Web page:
- Franklin Elementary
Librarian Sets the Stage for Student Reading Engagement
Libraries have become more than just a quiet place to check out a book or two. Ponca Elementary Librarian, Karen Stone, is an example of filling the library with joy while finding the right book to enjoy.
“My best advice for any librarian is, get to know your students. It makes all the difference in the world when you build your library,” Stone said. “The better you know your students, the better the selection of books you can offer that they are going to read.”
She enjoys the challenge of finding books students enjoy reading. She remembers a student who was resistant to reading. She suggested a few books to them, with no success. They would check out books but she could tell they weren't engaged or excited about reading.
Then she suggested the ‘Among the Hidden’ series. The student returned the next week and renewed the book. “As the class left the library, the student hung back and mumbled to me, books aren’t so bad I guess.” Stone exclaimed, “Yes, I got them [excited]!” Going forward, the student would ask her to pick out books for them.
"Mrs. Stone is a dynamic teacher who doesn't simply engage students in literature, but rather dives in alongside them as they adventure through books,” said Abbie Vlcek, principal. “She makes it her personal mission to unite students with the 'right' books so they learn that they do love to read.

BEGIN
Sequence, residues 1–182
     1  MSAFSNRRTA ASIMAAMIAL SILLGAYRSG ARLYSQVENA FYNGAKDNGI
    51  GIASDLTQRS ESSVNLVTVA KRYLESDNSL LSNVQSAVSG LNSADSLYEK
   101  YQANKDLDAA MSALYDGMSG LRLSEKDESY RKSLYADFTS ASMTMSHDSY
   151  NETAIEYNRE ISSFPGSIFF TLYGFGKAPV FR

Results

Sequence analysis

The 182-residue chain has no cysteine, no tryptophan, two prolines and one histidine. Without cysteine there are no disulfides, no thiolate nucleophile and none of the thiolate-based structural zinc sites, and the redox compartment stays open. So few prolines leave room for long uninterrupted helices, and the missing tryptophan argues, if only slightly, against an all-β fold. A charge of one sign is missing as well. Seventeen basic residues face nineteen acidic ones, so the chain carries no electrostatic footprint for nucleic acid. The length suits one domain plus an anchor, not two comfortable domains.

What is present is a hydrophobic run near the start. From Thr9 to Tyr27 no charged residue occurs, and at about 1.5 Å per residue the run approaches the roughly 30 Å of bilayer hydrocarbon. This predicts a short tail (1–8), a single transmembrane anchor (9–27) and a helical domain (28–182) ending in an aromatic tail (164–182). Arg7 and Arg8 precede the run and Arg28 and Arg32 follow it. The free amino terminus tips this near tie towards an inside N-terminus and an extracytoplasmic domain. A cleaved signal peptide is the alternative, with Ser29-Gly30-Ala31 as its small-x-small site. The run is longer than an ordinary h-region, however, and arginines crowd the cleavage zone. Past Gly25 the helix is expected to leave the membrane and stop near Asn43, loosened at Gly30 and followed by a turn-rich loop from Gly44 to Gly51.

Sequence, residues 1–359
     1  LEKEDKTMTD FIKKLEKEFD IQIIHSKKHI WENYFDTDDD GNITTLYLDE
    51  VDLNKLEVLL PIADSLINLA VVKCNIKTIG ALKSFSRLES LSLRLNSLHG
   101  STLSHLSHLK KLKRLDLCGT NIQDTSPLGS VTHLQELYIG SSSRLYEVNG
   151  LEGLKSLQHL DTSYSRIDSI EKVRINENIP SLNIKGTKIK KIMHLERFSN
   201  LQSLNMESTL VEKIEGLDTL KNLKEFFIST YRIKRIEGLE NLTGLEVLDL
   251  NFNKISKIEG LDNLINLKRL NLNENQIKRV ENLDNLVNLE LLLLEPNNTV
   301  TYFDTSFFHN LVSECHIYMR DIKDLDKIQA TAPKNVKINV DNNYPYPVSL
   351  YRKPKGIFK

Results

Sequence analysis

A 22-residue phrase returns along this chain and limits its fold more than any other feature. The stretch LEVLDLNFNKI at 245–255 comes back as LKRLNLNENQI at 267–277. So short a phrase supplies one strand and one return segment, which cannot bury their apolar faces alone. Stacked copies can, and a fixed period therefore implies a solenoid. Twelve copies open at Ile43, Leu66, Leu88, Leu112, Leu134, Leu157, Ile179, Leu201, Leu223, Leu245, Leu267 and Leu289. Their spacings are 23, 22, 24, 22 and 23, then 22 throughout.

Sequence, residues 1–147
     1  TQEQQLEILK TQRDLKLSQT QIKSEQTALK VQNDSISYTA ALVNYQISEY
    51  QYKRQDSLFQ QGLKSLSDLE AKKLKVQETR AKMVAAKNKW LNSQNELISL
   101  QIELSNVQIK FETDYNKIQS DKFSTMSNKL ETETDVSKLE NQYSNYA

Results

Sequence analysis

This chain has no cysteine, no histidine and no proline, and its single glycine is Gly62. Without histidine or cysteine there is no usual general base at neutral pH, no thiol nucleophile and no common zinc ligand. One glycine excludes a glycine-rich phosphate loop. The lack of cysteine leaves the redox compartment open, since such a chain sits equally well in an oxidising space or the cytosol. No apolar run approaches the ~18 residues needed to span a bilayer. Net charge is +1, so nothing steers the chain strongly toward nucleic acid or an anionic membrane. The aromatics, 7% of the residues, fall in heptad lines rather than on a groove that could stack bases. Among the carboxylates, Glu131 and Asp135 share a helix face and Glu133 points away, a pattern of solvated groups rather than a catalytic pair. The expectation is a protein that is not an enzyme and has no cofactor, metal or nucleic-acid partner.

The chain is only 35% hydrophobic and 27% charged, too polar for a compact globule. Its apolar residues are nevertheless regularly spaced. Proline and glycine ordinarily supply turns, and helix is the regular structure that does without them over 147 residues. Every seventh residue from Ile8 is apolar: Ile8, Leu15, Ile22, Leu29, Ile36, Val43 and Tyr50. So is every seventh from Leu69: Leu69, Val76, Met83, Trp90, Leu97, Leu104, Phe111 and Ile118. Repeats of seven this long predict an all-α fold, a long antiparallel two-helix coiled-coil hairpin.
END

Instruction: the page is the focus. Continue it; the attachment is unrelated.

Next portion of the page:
Stone puts the same effort into building relationships with her peers. She spends a day every two weeks in each classroom co-teaching a lesson with a teacher. Co-teaching builds a rapport between teachers and the library. Stone has noticed teachers feel more comfortable asking for books they need for lessons.
Stone also teaches technology to each grade level, kindergarten through sixth grade, weekly. Stone takes pride in teaching students the important fundamentals of technology. As a former classroom teacher herself, Stone knows teachers don’t always have the time to cover these important fundamentals.
A native of Chicago, Stone’s first career was as an actress. She worked in dinner theater and was a part of other small productions. She moved to Omaha to help care for her grandmother and quickly realized there weren’t many acting jobs in the area. Stone obtained a bachelor’s and master’s degree in education from the University of Nebraska Omaha.
Stone has worked at Omaha Public Schools for 25 years and said she can’t imagine working for any other district.
“Omaha Public Schools is a good district. The administration cares a lot about their staff. I can’t imagine working for another district. The diversity of OPS is what I love the most,” Stone said. “You get so much from the students. It’s not just you imparting yourself to them, it’s you learning from them.”